Someone uses a copy of the Daily Mail newspaper to shield their identity from the demonstrators and the media as they arrive at the Bilderberg conference. Photo: Getty
Show Hide image

It's time for all politicians to unite against the likes of the Daily Mail

Ed Miliband is challenging the way we do politics, and quite right too. When will other politicians step up and join him?

On Saturday, the Daily Mail published one of the most horrendous example of the dark political arts I have ever come across. Forget Damian McBride, to denigrate (yes Geoffrey – to traduce even) the life of a dead man for political advantage is about as low as it is possible to stoop.

I have written previously about the positive aspects of the Daily Mail. The reasons I have enjoyed reading it in the past and the reasons other do too. The people I know who read the Daily Mail are good people. Conservative (sometimes with a small c, sometimes with a large one) they are people who could best be described as encapsulating the ideals of faith, flag and family. They would all be horrified to see an attack on a dead family member (and especially one who fought in the Royal Navy during the war) be seen as fair political game. It is not, and it should not be.

Ralph Miliband is hardly the first victim of this kind of shoddy journalism nor the Daily Mail the singular perpetrator. Other victims that spring to mind are Cherie Booth and Miriam González Durántez, both of whom have constant attacks made in the media on their jobs, character and choices simply by dint of being married to political leaders.

But now, Ed Miliband has drawn a line in the sand. He has demanded – and received – right of reply to the Daily Mail article. In doing so, he may have made one of his strongest interventions yet, changing the way we do politics in this country and making a start on rescuing our debate from the gutter and those who see the role of the press as belonging in that gutter.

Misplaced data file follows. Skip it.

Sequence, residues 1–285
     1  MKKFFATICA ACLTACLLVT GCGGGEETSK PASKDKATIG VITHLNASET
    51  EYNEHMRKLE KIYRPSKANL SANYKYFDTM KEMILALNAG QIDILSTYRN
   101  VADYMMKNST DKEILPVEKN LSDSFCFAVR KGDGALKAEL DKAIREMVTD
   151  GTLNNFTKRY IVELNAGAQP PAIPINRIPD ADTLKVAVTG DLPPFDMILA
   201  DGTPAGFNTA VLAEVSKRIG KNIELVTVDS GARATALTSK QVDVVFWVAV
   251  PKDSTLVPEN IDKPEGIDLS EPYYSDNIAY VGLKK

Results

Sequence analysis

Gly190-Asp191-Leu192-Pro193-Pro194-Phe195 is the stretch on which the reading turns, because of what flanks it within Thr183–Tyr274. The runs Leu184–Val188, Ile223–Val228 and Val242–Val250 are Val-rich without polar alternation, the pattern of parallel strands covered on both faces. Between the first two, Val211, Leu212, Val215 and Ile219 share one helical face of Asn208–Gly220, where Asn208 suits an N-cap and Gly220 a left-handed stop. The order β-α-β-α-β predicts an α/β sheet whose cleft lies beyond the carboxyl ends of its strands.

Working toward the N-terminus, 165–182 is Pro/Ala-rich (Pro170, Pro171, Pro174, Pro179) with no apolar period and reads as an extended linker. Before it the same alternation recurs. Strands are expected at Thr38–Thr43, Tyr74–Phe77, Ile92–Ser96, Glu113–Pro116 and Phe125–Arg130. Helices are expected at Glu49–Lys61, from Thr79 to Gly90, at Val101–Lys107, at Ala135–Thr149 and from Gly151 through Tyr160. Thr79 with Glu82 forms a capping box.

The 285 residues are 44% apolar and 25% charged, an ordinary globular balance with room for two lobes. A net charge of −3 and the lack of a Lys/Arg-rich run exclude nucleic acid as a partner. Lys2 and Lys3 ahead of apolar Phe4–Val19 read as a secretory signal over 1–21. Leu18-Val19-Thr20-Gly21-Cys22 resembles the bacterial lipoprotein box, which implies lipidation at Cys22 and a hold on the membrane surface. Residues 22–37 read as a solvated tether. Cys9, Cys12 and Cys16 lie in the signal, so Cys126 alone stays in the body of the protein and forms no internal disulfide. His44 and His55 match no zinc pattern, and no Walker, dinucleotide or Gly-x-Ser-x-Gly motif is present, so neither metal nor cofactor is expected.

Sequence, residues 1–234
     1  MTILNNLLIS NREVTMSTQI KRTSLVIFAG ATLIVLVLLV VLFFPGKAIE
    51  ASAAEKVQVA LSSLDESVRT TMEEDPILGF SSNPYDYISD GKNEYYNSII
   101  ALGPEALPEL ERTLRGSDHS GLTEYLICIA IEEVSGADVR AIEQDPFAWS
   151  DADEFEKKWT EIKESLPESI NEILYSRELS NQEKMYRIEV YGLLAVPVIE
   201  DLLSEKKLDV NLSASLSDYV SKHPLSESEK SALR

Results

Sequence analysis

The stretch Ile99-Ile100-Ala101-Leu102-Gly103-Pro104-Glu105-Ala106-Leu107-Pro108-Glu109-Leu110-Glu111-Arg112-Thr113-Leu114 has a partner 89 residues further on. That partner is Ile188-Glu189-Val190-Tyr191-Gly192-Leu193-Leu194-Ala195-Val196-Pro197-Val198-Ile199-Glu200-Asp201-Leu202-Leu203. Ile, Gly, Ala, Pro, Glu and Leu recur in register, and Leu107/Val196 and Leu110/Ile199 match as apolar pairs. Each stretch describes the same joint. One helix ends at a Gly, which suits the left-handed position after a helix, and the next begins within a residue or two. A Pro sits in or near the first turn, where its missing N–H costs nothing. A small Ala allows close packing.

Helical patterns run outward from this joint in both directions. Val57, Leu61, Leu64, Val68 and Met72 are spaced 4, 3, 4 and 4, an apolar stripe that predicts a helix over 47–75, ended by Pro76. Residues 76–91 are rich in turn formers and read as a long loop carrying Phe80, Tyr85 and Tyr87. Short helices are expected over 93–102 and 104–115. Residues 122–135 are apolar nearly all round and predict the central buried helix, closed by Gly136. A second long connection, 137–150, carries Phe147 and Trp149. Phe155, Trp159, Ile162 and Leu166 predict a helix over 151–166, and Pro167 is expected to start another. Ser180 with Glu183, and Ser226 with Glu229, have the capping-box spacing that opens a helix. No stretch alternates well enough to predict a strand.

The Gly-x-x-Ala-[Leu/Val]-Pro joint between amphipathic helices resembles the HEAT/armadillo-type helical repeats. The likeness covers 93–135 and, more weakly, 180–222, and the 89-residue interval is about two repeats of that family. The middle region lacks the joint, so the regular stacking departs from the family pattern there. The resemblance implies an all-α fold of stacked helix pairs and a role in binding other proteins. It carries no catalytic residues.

Politics is incredibly important. If affects the lives of everyone. But genuine information is hard to come by, informed debate even harder. scrutiny of our politicians – their belief and their personal trustworthiness to deliver on those beliefs is essential. But personal attacks simply put off yet more people from involving themselves in the horrific blood sport that is modern politics.

This is why the McBride book damages all of us. Not because he had a “smoking gun” (he didn’t) but because his kind of behavior and his odd crowing about it even while claiming repentance makes politics an unattractive place for all but the most godawful macho dick-swingers. Too many good people are put off doing politics well by aggressive people doing it badly.

By challenging the Mail to do politics better – and by making clear efforts to rid Labour of the poisonous briefing culture that MacBride embodied at our worst – Ed is matching plans to democratise Labour’s relationship with union members and expanding the franchise to 16 and 17 year olds. All of these measures and others talk about a new way of doing politics, a popular promise the Coalition made early in their government and have routinely failed to deliver.

The Tory message on Ed is clearly in disarray this week. They don’t know whether to keep calling him weak or start calling him dangerous. Doing both just makes them look daft. But with this move, Ed has shown himself to once again be strong in standing up for what matters – not just to him personally (as his father’s reputation clearly and rightly does) but to all those from every party who want to see a better way of conducting our politics.